All-refugee cooking company shares culture and home through love of food

Eat Offbeat is one of many catering businesses that had to re-invent itself when COVID-19 struck 18 months ago.

But its employees had a little experience with sudden, difficult change: They all came to the country as refugees. And they say reinventing their business model overnight came naturally.

The New York-based company, founded by Lebanese siblings Manal and Wissam Kahi, was inspired nearly six years ago by Manal Kahi’s dual realizations: that she couldn’t find hummus “like her grandmother’s” in New York, and that the perfect people to cook food from their home countries were the refugees coming to the U.S. from around the globe.

She partnered with the International Refugee Committee to find cooks and launch a unique business. Now, the group has also released its first cookbook, “Kitchens Without Borders.”

Chef Shanthini making samosas. (Karyn Miller-Medzon/Here & Now)
Chef Shanthini making samosas. (Karyn Miller-Medzon/Here & Now)

In Queens, New York, the group cooks in

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Island Jerk shares food, cooking secrets with all | Life

There’s no denying it, Bernie Gendron is a giver. The chef and owner of Island Jerk on Newcastle Street in Brunswick is always ready to open her heart … or her recipe book to share with others.

Case in point, on an early Tuesday morning, she received a call from a patron about where to find some of her key jerk spices. Gendron surrendered her secrets without hesitation.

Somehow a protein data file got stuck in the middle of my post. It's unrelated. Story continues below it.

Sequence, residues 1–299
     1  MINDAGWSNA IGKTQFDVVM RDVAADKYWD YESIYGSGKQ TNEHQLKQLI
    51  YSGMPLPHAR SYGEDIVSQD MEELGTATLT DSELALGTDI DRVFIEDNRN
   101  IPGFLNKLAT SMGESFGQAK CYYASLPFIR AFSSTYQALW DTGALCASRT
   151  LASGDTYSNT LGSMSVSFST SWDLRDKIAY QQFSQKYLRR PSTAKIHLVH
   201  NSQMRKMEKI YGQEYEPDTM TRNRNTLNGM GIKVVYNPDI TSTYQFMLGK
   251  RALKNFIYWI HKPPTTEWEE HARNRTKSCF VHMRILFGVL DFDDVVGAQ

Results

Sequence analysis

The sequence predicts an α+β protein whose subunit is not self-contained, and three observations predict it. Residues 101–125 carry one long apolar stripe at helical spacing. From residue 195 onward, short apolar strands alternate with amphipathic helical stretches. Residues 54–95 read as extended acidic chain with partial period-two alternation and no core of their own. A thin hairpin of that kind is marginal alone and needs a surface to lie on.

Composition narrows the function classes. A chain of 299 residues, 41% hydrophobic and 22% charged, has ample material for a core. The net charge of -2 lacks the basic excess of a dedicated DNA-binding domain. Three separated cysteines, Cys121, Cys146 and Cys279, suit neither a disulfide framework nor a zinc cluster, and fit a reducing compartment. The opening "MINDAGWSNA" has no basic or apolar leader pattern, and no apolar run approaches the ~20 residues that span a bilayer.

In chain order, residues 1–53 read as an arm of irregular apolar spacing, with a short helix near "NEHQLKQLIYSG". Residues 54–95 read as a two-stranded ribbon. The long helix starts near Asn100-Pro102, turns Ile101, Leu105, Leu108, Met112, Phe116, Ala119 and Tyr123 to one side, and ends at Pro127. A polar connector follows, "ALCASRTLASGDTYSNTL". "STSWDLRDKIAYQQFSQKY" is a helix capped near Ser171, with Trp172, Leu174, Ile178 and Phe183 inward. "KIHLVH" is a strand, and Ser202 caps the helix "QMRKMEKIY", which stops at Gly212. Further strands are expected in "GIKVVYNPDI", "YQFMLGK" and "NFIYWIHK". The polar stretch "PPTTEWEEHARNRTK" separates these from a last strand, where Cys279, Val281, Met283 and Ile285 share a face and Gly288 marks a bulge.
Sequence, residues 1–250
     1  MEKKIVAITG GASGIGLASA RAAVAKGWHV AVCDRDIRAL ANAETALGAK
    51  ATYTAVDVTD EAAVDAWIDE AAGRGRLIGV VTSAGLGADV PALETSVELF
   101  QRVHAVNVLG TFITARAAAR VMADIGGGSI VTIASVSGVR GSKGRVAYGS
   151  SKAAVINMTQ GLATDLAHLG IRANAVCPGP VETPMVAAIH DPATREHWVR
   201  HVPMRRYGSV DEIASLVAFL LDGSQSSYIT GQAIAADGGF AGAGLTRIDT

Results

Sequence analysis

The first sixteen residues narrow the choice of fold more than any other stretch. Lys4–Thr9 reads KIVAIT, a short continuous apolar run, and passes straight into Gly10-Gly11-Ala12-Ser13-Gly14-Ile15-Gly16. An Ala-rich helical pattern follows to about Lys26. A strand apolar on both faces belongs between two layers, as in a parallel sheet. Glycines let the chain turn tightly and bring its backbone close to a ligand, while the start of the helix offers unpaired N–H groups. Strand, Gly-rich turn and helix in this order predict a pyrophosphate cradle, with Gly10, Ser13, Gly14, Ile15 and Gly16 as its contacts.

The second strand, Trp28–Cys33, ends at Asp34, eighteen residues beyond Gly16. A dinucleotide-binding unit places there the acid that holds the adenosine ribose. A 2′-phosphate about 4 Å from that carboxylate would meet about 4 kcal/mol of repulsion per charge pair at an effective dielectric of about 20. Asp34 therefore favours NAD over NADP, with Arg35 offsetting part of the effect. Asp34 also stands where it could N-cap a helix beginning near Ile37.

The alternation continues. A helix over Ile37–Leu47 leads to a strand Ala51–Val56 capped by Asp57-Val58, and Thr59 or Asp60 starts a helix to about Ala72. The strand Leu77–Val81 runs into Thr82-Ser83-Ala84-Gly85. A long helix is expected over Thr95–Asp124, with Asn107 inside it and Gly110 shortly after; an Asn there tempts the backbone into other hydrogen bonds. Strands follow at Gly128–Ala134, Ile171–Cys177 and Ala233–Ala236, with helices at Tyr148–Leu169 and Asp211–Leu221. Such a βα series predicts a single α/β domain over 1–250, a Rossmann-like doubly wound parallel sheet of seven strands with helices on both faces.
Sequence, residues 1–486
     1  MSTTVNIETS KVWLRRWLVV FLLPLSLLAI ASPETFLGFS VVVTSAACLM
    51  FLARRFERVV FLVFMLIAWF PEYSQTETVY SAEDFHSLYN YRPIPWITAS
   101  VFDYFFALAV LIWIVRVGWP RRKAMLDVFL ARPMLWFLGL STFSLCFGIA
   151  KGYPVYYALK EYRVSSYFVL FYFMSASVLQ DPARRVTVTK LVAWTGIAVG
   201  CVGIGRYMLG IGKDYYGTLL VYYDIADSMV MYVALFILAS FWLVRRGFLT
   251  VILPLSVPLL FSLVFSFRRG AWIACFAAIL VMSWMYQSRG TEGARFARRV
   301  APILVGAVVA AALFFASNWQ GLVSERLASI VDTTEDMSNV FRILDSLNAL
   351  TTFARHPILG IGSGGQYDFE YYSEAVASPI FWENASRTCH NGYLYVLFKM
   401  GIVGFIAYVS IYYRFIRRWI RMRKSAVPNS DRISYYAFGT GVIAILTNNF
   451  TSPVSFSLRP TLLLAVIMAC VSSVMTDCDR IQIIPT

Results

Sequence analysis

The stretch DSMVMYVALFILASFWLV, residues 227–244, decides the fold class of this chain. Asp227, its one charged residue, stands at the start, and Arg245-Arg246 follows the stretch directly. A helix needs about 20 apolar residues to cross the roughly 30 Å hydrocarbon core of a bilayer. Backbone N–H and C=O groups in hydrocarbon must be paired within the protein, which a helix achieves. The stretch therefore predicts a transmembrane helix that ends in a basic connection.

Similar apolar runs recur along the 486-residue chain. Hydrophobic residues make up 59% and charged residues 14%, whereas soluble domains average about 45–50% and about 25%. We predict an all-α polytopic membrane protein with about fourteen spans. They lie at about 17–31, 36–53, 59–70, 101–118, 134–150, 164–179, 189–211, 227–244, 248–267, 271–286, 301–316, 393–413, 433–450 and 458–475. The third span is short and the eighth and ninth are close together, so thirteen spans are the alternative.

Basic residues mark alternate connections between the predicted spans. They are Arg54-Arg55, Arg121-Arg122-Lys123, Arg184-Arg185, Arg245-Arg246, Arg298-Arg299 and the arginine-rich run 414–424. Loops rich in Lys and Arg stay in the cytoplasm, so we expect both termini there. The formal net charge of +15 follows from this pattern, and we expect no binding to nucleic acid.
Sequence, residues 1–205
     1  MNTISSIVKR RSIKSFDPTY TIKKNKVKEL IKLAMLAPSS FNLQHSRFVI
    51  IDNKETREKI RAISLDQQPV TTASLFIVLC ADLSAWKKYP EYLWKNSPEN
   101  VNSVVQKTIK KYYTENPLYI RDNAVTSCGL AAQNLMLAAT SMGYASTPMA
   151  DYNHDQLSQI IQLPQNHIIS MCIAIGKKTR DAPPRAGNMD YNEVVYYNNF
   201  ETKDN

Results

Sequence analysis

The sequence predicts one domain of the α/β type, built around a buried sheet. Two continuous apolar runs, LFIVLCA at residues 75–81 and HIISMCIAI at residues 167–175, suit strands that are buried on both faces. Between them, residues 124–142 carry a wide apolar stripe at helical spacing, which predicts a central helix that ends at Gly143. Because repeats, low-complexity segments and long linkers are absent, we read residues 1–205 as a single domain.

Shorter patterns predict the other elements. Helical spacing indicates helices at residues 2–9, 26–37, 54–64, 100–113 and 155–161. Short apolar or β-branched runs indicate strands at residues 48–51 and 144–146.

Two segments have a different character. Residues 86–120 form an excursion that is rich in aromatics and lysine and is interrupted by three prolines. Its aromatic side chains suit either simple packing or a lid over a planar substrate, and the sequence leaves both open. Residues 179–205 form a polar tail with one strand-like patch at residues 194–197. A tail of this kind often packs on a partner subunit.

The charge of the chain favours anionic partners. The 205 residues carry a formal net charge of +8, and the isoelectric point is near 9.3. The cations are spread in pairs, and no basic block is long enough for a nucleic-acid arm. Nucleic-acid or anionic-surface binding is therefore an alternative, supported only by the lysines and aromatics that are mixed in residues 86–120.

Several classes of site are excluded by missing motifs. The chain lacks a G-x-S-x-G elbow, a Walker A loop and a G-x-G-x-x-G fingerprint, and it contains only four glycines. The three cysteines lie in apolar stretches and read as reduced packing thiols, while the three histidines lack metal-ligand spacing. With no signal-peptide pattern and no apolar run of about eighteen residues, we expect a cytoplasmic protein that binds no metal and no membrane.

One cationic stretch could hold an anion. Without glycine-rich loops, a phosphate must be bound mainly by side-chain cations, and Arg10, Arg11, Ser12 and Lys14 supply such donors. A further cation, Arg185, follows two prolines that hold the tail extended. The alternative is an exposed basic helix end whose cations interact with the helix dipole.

“I’m an open book,” she says with a shrug.

Of course, recreating the flavors she cooks up at her restaurant is no easy task. The process is not only labor intensive, but it requires a deep knowledge of the source of the foods, the Caribbean Islands.

“The thing is … it has to be fresh. That’s the key to Jamaican food. You have to use fresh produce, fresh seasoning and herbs,” she said. “We have our meats cut custom.”

Gendron has been

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Dara Yu, The Girl With The Red Bow, Shares What ‘MasterChef Junior’ Was Really Like

You may remember Dara Yu as the 12-year-old with a red bow who made it all the way to the finale during Season 1 of “MasterChef Junior” back in 2014 — but seven years later, the gastronomic wunderkind is much more than that. Following her stint on the Food Network, Yu dove into the art of cooking even more deeply, honing her craft by working alongside the likes of Dominique Ansel, attending the Culinary Institute of America and setting up a food-focused YouTube channel. “Going into the show, cooking was a hobby. Coming out of the show, I knew it was going to be my career,” Yu tells Anna Rahmanan in this Voices in Food story, in which she also discusses the importance of social media within the kitchen, her time on “MasterChef Junior” and more.

Dara Yu as a 12-year-old on "MasterChef Junior" back in 2014.

Dara Yu as a 12-year-old on “MasterChef Junior” back in
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‘Cooking with Remi’ host shares her favorite kitchen items

YouTuber Remi Cruz, 26, started her own rendition of the Food Network on her channel with 2.5M subscribers — “Cooking with Remi” — and is excited to share her love of food and her Korean upbringing through her recipes.

“For almost 10 years on YouTube, I’ve done so many cooking videos throughout my makeup, fashion and homemaking content,” Cruz told The Post. “I would call making lunch on my channel, ‘Cooking with Remi,’ and when I was in a lull with my main channel, I decided to go all out and make ‘Cooking with Remi’ a produced show.”

The LA-based lifestyle creator has more than five million followers across all platforms, including her vlog channel with 1.4M subscribers and her co-hosted “Pretty Basic” podcast with Alisha Marie.

In the first episode of “Cooking with Remi,” Cruz dishes out how to make tteokbooki, jajangmyun and

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